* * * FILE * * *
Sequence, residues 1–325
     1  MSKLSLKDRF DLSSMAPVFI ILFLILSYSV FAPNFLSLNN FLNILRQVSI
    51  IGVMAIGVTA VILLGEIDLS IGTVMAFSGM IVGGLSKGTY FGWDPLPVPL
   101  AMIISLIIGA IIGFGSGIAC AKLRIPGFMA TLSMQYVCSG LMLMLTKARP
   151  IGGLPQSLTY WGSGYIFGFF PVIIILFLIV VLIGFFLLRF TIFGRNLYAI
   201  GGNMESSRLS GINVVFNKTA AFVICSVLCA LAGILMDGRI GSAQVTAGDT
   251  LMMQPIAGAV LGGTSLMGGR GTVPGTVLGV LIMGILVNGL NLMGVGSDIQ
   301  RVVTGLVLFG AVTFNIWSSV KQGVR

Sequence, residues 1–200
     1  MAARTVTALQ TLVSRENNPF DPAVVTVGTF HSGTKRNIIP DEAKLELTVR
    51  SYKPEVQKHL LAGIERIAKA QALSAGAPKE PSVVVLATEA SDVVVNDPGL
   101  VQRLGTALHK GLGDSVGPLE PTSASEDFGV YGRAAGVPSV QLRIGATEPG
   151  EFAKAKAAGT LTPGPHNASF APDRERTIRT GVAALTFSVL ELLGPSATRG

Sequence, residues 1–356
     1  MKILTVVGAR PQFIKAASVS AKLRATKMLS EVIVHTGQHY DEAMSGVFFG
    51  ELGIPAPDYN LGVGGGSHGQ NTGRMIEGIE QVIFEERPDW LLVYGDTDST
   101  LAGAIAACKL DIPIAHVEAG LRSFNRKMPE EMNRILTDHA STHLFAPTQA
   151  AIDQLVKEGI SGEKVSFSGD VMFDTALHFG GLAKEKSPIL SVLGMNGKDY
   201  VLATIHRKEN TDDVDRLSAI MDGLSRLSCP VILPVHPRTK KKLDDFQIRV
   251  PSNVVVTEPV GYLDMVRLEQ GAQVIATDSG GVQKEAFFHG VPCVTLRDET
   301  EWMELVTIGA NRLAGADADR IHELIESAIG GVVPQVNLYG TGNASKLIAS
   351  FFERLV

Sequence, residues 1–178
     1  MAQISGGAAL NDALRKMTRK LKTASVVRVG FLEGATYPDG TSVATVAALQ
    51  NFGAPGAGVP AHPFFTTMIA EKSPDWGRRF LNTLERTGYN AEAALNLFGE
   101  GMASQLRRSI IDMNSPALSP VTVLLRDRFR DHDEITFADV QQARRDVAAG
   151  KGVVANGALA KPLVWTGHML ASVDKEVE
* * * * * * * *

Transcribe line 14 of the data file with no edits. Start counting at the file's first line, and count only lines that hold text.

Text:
Sequence, residues 1–356